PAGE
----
― Steve Martin, quote from Born Standing Up: A Comic's Life


“But my mother was aglow. She had a continuing fascination with celebrities, and now she had one of her own. She was never moved by what I was doing (in an interview she said, "He writes his own material, I’m always telling him he needs a new writer")…”
― Steve Martin, quote from Born Standing Up: A Comic's Life


“In a sense, this book is not an autobiography but a biography, because I am writing about someone I used to know. Yes, these events are true, yet sometimes they seemed to have happened to someone else, and I often felt like a curious onlooker or someone trying to remember a dream. I ignored my stand-up career for twenty-five years, but now, having finished this memoir, I view this time with surprising warmth. One can have, it turns out, an affection for the war years.”
― Steve Martin, quote from Born Standing Up: A Comic's Life


“I was seeking comic originality, and fame fell on me as a by-product. The course was more plodding than heroic: I did not strive valiantly against doubters but took incremental steps studded with a few intuitive leaps.”
― Steve Martin, quote from Born Standing Up: A Comic's Life



“Enjoyment while performing was rare—enjoyment would have been an indulgent loss of focus that comedy cannot afford. After the shows, however, I experienced long hours of elation or misery depending on how the show went, because doing comedy alone onstage is the ego’s last stand.”
― Steve Martin, quote from Born Standing Up: A Comic's Life


“One day I was particularly gloomy, and Jim asked me what the matter was. I told him my high school girlfriend (for all of two weeks) had broken up with me. He said, “Oh, that’ll happen a lot.” The knowledge that this horrid grief was simply a part of life’s routine cheered me up almost instantly.”
― Steve Martin, quote from Born Standing Up: A Comic's Life


“pinching my swollen fingers in between. Despite a lack of natural ability, I did have the one element necessary to all early creativity: naïveté, that fabulous quality that keeps you from knowing just how unsuited you are for what you are about to do.”
― Steve Martin, quote from Born Standing Up: A Comic's Life


“You’re nuts, but you’re welcome here.”
― Steve Martin, quote from Born Standing Up: A Comic's Life


“In logic class, I opened my textbook—the last place I was expecting to find comic inspiration—and was startled to find that Lewis Carroll, the supremely witty author of Alice’s Adventures in Wonderland, was also a logician. He wrote logic textbooks and included argument forms based on the syllogism, normally presented in logic books this way: All men are mortal. Socrates is a man. _________________________________ Therefore, Socrates is mortal. But Carroll’s were more convoluted, and they struck me as funny in a new way: 1) Babies are illogical. 2) Nobody is despised who can manage a crocodile. 3) Illogical persons are despised. __________________________________________ Therefore, babies cannot manage crocodiles. And: 1) No interesting poems are unpopular among people of real taste. 2) No modern poetry is free from affectation. 3) All your poems are on the subject of soap bubbles. 4) No affected poetry is popular among people of taste. 5) Only a modern poem would be on the subject of soap bubbles. __________________________________________ Therefore, all your poems are uninteresting.”
― Steve Martin, quote from Born Standing Up: A Comic's Life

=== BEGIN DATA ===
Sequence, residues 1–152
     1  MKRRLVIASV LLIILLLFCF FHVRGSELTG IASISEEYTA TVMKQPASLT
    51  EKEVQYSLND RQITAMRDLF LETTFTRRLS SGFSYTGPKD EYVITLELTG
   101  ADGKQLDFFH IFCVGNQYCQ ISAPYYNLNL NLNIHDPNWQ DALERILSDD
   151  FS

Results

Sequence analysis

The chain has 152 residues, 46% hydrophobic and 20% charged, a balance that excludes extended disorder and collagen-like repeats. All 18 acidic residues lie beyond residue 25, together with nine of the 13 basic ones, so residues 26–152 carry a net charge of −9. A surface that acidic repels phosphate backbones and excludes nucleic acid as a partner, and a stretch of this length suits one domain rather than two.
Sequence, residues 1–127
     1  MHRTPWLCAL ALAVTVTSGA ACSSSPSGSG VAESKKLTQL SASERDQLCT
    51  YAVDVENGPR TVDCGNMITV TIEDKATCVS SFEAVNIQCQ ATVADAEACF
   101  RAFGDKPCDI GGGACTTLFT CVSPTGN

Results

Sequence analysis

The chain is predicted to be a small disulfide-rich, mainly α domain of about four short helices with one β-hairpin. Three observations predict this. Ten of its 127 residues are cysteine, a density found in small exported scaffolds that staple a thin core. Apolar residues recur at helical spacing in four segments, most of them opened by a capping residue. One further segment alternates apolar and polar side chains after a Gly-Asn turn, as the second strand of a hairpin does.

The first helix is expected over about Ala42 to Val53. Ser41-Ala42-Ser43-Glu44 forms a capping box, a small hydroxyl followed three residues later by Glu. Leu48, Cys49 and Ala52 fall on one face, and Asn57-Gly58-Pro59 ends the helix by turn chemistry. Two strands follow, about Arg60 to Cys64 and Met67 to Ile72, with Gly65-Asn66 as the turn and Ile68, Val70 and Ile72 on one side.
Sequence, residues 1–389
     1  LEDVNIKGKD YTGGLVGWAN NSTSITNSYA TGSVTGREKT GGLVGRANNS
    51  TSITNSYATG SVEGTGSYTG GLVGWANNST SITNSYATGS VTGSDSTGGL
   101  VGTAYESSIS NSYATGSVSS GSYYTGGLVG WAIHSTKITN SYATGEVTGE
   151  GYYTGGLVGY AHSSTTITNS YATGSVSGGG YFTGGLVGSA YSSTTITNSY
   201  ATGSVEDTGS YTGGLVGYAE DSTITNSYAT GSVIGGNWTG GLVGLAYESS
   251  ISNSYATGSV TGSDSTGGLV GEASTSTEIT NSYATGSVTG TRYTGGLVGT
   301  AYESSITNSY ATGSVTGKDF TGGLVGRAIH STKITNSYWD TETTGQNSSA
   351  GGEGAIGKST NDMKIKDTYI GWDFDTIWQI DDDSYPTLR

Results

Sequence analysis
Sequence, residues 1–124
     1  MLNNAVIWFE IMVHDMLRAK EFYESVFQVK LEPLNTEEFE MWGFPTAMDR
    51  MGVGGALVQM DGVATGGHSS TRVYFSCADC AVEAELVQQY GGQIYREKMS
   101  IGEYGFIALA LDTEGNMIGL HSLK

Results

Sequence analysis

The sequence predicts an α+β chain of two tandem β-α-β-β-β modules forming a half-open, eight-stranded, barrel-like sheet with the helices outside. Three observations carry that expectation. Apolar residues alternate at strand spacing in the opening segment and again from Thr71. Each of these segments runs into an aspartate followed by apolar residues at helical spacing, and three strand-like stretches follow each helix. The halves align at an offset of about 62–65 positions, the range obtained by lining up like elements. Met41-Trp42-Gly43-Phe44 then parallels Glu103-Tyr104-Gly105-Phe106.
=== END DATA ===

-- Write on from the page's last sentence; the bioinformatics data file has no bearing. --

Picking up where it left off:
“These word games bothered and intrigued me. Appearing to be silly nonsense, on examination they were absolutely logical—yet they were still funny. The comedy doors opened wide, and Lewis Carroll’s clever fancies from the nineteenth century expanded my notion of what comedy could be. I began closing my show by announcing, “I’m not going home tonight; I’m going to Bananaland, a place where only two things are true, only two things: One, all chairs are green; and two, no chairs are green.” Not at Lewis Carroll’s level, but the line worked for my contemporaries, and I loved implying that the one thing I believed in was a contradiction. I also was enamored of the rhythmic poetry of e. e. cummings, and a tantalizing quote from one of his recorded lectures stayed in my head. When asked why he became a poet, he said, “Like the burlesque comedian, I am abnormally fond of that precision which creates movement.” The line, with its intriguing reference to comedy, was enigmatic, and it took me ten years to work out its meaning.”
― Steve Martin, quote from Born Standing Up: A Comic's Life


“Doing comedy alone onstage is the ego's last stand.”
― Steve Martin, quote from Born Standing Up: A Comic's Life


“I did stand-up comedy for eighteen years.”
― Steve Martin, quote from Born Standing Up: A Comic's Life


“MY FATHER , GLENN VERNON MARTIN , died in 1997 at age eighty-three, and afterward his friends told me how much they had loved him. They told me how enjoyable he was, how outgoing he was, how funny and caring he was. I was surprised by these descriptions, because the number of funny or caring words that had passed between my father and me was few. He had evidently saved his vibrant personality for use outside the family. When I was seven or eight years old, he suggested we play catch in the front yard. This offer to spend time together was so rare that I was confused about what I was supposed to do. We tossed the ball back and forth with cheerless formality.”
― Steve Martin, quote from Born Standing Up: A Comic's Life


“When I moved out of the house at eighteen, I rarely called home to check up on my parents or tell them how I was doing. Why? The answer shocks me as I write it: I didn’t know I was supposed to.”
― Steve Martin, quote from Born Standing Up: A Comic's Life



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About the author

Steve Martin
Born place: in Waco, Texas, The United States
Born date August 14, 1945